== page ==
Eventually everything does fit together through various plot points, and tension is finally introduced, helping the book gain much-needed speed. But we run into the same problems sporadically towards the last third of the novel, where things are supposed to kick-in and really grab the reader but fall horridly short and tedious. It got to the point where the big revelations left me feeling rather apathetic because their execution was so mundane and lacklustre.

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Regardless of the dull nature of the writing style, there are a few more qualities that are excellent. Similarly, to the wonderful variety of scientific subjects, there is a lot of diversity in the cast. We have a black male in a prominent leadership position, an intelligent, headstrong woman in another leadership position, scientists who are Indian, Japanese, and of a couple other non-white races. There is romance, but its subtle and lingers in the background as a natural evolution of relationships between adults who spend a lot of time together. While there is a lot of casual flirting, there are no graphic sex scenes. I felt this helped keep the focus on the story. I always appreciate it when a book does not add something just for the hell of it. I also found the political intrigue to be quite fascinating.

When I think of ground-breaking discoveries, I rarely contemplate how this affects countries who are vying for the upper-hand politically speaking. There are so many elements that go into why something jaw-dropping should or should not be revealed to the public or shared with foreign powers that the average person never thinks about. The book sheds light on those parts of foreign affairs, especially where space travel and technology are concerned, in a way that is easy to understand, while being methodical and complex. It was superbly written and portrayed and was one of the few parts of the book that had me completely hooked.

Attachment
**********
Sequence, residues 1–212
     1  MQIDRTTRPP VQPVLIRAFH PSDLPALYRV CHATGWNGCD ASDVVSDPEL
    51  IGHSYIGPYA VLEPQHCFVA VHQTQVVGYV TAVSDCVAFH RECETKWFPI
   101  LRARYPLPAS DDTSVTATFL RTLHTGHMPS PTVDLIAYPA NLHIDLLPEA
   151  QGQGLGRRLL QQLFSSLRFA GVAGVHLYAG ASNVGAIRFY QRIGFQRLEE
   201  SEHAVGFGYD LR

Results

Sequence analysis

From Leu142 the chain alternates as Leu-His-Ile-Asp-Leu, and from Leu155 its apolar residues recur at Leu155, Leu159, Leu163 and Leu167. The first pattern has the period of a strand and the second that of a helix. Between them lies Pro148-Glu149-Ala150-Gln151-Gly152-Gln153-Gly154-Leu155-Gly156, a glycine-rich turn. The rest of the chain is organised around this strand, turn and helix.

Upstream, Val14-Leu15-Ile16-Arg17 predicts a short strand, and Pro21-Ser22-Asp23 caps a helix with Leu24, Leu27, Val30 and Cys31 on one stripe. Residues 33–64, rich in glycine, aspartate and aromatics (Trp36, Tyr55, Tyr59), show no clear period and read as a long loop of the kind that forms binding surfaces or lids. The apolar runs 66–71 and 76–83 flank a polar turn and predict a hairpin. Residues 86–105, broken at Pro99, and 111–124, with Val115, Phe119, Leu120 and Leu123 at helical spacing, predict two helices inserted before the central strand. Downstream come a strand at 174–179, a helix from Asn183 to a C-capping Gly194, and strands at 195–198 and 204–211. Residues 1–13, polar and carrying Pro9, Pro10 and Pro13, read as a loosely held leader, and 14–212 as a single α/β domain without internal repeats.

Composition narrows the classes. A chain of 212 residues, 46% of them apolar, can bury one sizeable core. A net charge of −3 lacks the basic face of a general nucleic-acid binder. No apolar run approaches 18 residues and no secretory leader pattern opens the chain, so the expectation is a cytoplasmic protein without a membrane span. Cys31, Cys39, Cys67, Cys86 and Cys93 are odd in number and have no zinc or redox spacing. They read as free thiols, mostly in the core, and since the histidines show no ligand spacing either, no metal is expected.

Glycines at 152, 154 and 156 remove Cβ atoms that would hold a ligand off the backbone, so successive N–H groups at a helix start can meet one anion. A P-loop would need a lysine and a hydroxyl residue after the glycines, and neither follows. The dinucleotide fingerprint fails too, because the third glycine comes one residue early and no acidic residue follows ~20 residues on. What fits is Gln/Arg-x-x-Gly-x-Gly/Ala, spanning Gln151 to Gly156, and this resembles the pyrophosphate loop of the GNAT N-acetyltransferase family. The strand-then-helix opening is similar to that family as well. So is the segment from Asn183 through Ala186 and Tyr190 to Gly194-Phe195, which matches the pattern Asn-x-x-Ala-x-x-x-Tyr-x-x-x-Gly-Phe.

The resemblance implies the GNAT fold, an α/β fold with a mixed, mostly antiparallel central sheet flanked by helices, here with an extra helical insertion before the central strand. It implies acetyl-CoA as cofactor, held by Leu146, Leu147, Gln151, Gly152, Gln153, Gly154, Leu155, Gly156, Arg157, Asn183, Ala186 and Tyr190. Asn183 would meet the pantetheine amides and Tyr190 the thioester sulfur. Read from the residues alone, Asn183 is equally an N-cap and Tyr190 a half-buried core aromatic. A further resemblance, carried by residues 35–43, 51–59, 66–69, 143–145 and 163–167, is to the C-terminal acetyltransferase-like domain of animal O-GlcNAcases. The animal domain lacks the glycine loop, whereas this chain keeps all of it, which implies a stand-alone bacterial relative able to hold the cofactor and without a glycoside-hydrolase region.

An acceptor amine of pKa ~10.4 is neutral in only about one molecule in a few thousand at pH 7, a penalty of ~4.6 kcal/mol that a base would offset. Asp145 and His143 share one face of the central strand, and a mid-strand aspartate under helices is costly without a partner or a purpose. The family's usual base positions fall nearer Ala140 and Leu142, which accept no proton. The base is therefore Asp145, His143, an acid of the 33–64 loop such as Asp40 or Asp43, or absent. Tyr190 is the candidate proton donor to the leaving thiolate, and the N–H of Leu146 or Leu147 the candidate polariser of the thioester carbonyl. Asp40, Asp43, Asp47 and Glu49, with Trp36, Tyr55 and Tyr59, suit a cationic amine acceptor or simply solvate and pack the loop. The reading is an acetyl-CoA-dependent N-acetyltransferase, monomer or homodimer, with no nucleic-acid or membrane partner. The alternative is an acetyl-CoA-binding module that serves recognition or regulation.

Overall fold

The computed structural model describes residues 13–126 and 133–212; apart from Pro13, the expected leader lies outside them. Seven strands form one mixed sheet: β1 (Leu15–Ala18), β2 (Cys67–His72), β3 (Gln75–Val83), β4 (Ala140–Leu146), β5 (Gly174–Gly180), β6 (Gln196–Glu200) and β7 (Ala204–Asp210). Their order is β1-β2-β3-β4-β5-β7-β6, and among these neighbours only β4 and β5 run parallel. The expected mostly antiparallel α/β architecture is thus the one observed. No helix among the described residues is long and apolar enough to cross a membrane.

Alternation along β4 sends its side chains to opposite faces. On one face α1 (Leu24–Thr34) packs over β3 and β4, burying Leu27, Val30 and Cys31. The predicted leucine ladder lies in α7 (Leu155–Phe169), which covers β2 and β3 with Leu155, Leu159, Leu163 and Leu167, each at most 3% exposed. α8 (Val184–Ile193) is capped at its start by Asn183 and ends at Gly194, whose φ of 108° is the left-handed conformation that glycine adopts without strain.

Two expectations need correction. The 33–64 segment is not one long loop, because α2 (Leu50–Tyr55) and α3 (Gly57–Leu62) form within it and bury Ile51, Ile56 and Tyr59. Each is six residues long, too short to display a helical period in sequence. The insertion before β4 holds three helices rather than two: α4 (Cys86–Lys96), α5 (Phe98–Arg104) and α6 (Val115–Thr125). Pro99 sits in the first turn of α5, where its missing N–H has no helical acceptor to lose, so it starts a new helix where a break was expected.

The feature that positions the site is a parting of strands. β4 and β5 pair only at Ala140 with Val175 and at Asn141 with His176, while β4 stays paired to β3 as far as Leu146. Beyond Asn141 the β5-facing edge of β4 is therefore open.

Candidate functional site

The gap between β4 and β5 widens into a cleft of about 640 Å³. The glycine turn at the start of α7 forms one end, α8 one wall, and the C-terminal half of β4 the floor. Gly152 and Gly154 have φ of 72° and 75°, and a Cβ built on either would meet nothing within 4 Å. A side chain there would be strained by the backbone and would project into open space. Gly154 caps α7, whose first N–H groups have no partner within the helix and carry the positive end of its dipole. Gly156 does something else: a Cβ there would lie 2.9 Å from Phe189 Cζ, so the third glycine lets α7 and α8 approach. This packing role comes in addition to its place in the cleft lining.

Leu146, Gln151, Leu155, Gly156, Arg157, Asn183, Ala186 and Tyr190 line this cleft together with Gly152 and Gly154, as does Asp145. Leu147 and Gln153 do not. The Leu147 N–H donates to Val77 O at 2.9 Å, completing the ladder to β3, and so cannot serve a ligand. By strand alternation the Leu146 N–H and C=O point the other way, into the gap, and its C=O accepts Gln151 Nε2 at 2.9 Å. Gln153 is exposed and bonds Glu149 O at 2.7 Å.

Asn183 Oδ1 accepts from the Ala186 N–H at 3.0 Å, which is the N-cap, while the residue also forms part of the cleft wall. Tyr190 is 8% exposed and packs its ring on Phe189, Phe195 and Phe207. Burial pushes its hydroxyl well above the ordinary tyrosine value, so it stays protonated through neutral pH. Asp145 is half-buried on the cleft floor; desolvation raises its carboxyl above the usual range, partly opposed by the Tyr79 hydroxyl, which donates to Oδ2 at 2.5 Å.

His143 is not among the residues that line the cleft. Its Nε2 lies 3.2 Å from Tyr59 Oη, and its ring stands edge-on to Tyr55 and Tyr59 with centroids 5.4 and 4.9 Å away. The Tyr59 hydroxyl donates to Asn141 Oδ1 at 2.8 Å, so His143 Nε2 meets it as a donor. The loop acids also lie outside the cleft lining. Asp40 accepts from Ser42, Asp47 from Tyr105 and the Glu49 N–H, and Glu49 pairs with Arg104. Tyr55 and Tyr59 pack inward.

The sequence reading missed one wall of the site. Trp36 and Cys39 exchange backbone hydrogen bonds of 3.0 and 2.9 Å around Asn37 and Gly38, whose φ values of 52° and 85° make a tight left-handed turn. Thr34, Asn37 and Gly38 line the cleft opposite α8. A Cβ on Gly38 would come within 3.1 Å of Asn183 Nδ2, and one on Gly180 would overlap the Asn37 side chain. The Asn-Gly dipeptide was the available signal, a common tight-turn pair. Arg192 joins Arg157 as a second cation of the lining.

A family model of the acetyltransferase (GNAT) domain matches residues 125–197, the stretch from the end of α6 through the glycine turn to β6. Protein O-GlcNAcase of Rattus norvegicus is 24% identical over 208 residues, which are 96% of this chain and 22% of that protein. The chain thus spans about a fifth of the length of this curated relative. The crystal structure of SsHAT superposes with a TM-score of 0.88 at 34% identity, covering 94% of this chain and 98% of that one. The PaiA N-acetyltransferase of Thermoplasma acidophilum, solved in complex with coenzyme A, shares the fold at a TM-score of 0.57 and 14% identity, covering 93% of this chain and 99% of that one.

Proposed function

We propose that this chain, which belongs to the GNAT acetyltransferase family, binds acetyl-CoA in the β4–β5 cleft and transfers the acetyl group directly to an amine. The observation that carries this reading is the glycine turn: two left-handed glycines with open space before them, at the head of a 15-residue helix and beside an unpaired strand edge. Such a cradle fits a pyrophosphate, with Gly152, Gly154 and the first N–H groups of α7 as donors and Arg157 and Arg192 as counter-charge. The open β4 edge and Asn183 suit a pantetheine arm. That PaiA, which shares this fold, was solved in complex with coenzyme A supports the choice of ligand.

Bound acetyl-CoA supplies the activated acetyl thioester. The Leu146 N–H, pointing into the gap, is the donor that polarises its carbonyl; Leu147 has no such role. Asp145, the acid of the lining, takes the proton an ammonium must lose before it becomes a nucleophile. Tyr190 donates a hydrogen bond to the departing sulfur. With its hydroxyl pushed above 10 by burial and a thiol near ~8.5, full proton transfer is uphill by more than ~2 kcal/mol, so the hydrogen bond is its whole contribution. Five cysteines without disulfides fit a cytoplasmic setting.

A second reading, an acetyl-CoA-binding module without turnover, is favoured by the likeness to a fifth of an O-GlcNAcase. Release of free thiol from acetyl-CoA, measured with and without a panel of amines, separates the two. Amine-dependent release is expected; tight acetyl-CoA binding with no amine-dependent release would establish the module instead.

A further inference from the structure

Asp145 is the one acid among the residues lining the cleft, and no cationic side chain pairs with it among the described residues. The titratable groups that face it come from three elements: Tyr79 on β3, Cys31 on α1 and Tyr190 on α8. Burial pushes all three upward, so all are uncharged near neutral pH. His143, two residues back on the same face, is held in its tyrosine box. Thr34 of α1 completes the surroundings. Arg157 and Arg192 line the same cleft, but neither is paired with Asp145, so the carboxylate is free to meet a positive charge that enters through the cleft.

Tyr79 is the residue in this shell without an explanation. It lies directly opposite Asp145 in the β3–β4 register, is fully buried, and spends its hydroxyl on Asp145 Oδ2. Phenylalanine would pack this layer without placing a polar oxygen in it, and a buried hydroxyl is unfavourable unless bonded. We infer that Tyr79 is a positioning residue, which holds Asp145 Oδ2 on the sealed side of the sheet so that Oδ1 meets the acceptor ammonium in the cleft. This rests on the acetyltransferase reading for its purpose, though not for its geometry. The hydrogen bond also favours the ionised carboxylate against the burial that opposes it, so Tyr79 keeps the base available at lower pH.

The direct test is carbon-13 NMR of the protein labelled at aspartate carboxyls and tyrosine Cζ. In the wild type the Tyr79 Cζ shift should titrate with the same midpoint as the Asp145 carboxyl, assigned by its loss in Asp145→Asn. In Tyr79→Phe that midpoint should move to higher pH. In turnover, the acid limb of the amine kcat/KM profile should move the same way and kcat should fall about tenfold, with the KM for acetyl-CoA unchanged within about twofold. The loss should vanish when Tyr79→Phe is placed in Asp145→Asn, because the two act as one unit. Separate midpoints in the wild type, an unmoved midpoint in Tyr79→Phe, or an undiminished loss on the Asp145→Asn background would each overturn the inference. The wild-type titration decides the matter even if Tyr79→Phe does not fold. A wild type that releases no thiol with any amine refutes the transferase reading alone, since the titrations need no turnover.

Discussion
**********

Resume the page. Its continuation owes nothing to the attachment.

Overall, Boundary is not a bad book by any means. It is most obviously the first instalment in a series, which is what creates a lot of its shortcomings. The book spends more time than necessary to really set up the foundation for events that I suspect will unfold as the series progresses forward. This is not a bad thing at all, but it leaves the novel feeling under-polished and rather incomplete in many ways. The authors are fantastic writers of hard science and political intrigue but need more practise with the art of building tension and suspense and holding back on the overflow of descriptives. I do recommend this to anyone who enjoys reading hard science-fiction, more so if you have an affinity for diverse branches of science, plus people who find political conspiracies to be interesting. However, if you are someone who likes to use your imagination, or if you do not particularly care for slower narratives, go into it with a grain of salt, or avoid it entirely. I will say that I am invested enough in the world and storyline that has been created and I plan on reading more of the Boundary series in the future, but it is definitely not a series I can read back-to-back.

3 fossils outta 5!


Thank you so much for reading this review today. Happy reading and happy otakuing to you all.

One thought on “Boundary by Eric Flint & Ryk E. Spoor – Book Review

  1. Pingback: March & April Reading Wrap-Ups!